Inner City Press

Inner City Press -- Investigative Reporting Since 1987

From the inner city to Wall Street to the United Nations

- In Other Media   For further information, click here to contact us         .

Home -For the Media
Bank Beat/ RSS Feed
Freedom of Information
Human Rights
Current Campaigns
How to Contact Us

Inner City Press Global Inner Cities Report - January 11, 2006

Who Pays for the Global Bird Flu Fight? Not the Corporations, So Far

Byline: Matthew Russell Lee, for Inner City Press

The United Nations’ expert on avian flu, Dr. David Nabarro, briefed reporters in New York on January 11. He named a target figure for the upcoming “pledge conference” in Beijing -- $1.4 billion. He then asked reporters not to quote him, or to leave this figure “vague” and not have it appears in the headlines. But already the number had gone out over the wires, and it is in the headline of most reports.

            Who is being asked to pledge the needed funds? When asked by Inner City Press for his view of HSBC Banking Corporation’s projection that half of its workforce in impacted countries might not show up for work, Dr. Nabarro said much thought is needed on how best to communicate the risks posed by bird flu. He added that planning for “continuity” is needed among health, electricity and banking systems, among others.

            When asked if any corporations have pledged fund to the bird flu fight, Dr. Nabarro said no. Some, or perhaps only one, have offered employees’ time, but no money. After the formal briefing, Inner City Press suggested to Dr. Nabarro that at least such food companies as KFC might see it in their interest to pledge (and to be seen to have pledged). There was some laughter, but no response. A close observer of the United Nations might wonder, if the UN’s Global Compact with corporations can’t be mobilized for the global bird flu threat, which would impact companies’ workforces, when then would the Compact be useful?

            In Turkey, the bird flu H5N1 has been discovered in poultry over 20% of the country's 81 provinces and thus far over 300,000 birds have been culled, a process Dr. Nabarro described as putting the birds in a bag, killing and then most often burying them. When asked why cremation was not being used, Dr. Nabarro alluded to factors he could not explain. Of children’s deaths in Turkey by bird flu, Dr. Nabarro said the children were abnormally close with the birds, giving rise to some muffled laughter in the briefing room. “This is serious,” Dr. Nabarro said. And it is. Since December 2003, at least 147 cases of H5N1 in human have been reported, from Cambodia, China, Indonesia, Thailand, Turkey, and Vietnam, according to the World Health Organization, leading so far to 78 deaths.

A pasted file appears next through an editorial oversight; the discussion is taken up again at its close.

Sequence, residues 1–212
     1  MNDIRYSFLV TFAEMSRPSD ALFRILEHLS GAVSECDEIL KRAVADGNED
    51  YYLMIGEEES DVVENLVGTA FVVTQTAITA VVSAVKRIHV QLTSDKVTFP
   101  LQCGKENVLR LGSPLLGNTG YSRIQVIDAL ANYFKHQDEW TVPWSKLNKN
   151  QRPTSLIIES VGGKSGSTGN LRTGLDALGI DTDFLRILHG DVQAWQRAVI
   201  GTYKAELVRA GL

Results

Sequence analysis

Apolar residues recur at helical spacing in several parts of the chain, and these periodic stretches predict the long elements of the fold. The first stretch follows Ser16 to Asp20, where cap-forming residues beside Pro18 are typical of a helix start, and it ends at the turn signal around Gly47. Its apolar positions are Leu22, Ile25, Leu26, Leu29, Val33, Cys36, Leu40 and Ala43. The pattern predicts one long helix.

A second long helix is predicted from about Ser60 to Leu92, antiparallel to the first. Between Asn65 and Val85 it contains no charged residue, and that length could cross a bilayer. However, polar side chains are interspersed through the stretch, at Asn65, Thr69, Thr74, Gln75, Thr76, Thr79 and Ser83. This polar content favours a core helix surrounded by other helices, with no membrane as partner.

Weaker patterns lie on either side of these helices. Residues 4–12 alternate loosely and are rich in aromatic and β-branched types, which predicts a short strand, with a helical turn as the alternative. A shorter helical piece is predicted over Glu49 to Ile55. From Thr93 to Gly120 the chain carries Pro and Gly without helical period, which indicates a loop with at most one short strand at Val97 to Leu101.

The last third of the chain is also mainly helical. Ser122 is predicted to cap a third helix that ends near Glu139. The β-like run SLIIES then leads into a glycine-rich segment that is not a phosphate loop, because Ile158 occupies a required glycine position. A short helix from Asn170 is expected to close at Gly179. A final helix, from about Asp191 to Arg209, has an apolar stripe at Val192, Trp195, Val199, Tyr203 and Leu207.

Dr. Nabarro praised governmental responses to bird flu in Turkey and other countries that he would not name. “In some countries there is more reliance on the United Nations,” he said, emphasizing that nations should promptly diagnose and disclose cases of H5N1. While Dr. Nabarro declined to name any countries in which such disclosures might not be forthcoming, one reporter jotted such nations as Myanmar and North Korea.  The pledge conference is in Beijing, January 17-18, 2006. There’ll be a need to follow up.

* * *

Endnote and Global Inner Cities UN Update: Following the December 28, 2005 briefing on the Development Fund for Iraq, neither the International Monetary Fund and it spokesman nor the UN have provided any information about the metering of oil production in Iraq, for which they stated a contract had been let out to an American corporation which they left unnamed. The wait continues.  Meanwhile, in UN facility news, the delegation computers in the basement hallway have been changed, to newer machines that still work slowly, if at all, with the Internet. In the UN’s second language, plus ca change

           ©opyright 2005-2006 Inner City Press, Inc. To request reprint or other permission, e-contact Editors [at] - phone: (718) 716-3540